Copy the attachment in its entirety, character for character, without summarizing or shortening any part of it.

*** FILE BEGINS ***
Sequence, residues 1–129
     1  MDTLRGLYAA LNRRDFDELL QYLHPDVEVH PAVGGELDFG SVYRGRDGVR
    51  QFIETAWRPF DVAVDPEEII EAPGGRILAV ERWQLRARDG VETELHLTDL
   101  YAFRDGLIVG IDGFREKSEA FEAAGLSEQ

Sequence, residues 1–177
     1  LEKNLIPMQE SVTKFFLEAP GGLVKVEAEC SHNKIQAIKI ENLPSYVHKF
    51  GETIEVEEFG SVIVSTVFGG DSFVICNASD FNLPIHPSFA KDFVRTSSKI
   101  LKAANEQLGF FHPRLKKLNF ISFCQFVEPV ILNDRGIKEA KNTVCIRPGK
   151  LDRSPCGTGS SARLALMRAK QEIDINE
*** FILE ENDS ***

Sequence, residues 1–129
     1  MDTLRGLYAA LNRRDFDELL QYLHPDVEVH PAVGGELDFG SVYRGRDGVR
    51  QFIETAWRPF DVAVDPEEII EAPGGRILAV ERWQLRARDG VETELHLTDL
   101  YAFRDGLIVG IDGFREKSEA FEAAGLSEQ

Sequence, residues 1–177
     1  LEKNLIPMQE SVTKFFLEAP GGLVKVEAEC SHNKIQAIKI ENLPSYVHKF
    51  GETIEVEEFG SVIVSTVFGG DSFVICNASD FNLPIHPSFA KDFVRTSSKI
   101  LKAANEQLGF FHPRLKKLNF ISFCQFVEPV ILNDRGIKEA KNTVCIRPGK
   151  LDRSPCGTGS SARLALMRAK QEIDINE